Posted by LynadThike on (October 28, 2011, 16:41 GMT)

My delight with Wallers performance in relation to Elton is that I hope it puts more pressure on him to perform. I feel Elton has lost a little love for the game and the best thing that selectors might do is not assure his spot in the team as much. He needs that fighting instinct back and although this shone through in the last ODI you just feel he's content to give only one decent account of himself per series.

Another question I have to ask is what is being done about Masakadzas batting. He seems to be very tightly wound when in the middle and often finds himself bogged down, and when he feels the pressure and tries to break the shackles is shortly walking back to the pavilion, maybe it's a product of concentrating on test cricket batting? I really hope that he is able to spend some decent time out in the middle during the tour game to get back some of his fluidity.

Posted by mahjut on (October 28, 2011, 11:39 GMT)

Beardsly - yet after 20 games chigumbura had an average of 24 and Waller 18 - it has taken a 99* to bring his average up to Chigumbura's. Of course there is an arguement that you'd prefer a guy who can win one game in 10 and be part of the collapse the other 9 times than someone who can roughly offer 24 runs most games. I think Elton has an unhealthy bowl/bat average but Waller' bowling after 21 ODI innings leaves the term 'allrounder' in serious doubt with an ave and SR double Elton's. all in all rather harsh i'd say Beardsly. i'm neither overly keen on Elton nor overly critical of waller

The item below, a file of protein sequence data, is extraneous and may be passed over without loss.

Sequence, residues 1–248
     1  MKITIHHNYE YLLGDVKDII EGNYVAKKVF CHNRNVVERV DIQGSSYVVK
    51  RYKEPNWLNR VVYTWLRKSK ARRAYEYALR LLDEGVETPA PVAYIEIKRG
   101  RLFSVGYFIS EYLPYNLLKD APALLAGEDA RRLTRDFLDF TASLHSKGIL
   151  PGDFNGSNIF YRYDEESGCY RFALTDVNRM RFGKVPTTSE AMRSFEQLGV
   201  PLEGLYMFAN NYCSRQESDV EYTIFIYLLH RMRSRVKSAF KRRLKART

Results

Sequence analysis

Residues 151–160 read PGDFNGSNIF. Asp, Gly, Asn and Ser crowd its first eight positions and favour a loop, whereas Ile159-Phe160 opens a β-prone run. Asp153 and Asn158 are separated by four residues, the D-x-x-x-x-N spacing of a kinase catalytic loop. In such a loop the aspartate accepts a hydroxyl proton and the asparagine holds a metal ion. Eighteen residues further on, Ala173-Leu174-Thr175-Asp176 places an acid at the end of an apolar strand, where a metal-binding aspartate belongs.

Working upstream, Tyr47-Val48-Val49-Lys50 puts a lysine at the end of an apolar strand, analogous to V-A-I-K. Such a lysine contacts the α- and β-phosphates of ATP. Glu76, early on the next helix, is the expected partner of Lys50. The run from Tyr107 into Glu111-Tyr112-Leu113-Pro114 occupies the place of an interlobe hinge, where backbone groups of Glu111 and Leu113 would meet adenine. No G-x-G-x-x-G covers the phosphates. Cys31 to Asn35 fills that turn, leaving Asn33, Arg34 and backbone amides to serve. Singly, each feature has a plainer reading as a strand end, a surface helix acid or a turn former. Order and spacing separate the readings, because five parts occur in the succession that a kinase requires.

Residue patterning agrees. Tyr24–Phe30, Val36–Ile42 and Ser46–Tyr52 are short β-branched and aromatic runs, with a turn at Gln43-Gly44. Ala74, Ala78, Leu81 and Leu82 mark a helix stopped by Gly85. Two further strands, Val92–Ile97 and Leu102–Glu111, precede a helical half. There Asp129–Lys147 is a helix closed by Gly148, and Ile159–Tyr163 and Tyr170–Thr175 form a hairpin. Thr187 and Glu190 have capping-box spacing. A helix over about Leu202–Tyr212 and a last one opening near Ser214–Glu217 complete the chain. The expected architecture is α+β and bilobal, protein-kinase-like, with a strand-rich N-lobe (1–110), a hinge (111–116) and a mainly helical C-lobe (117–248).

Posted by   on (October 27, 2011, 15:40 GMT)

that was good cricket played by e boys they wer very positive wen batting n waller gr8 wrk ma man n grant flower is doing a very good job as e batting coach

Posted by Nduru on (October 27, 2011, 13:38 GMT)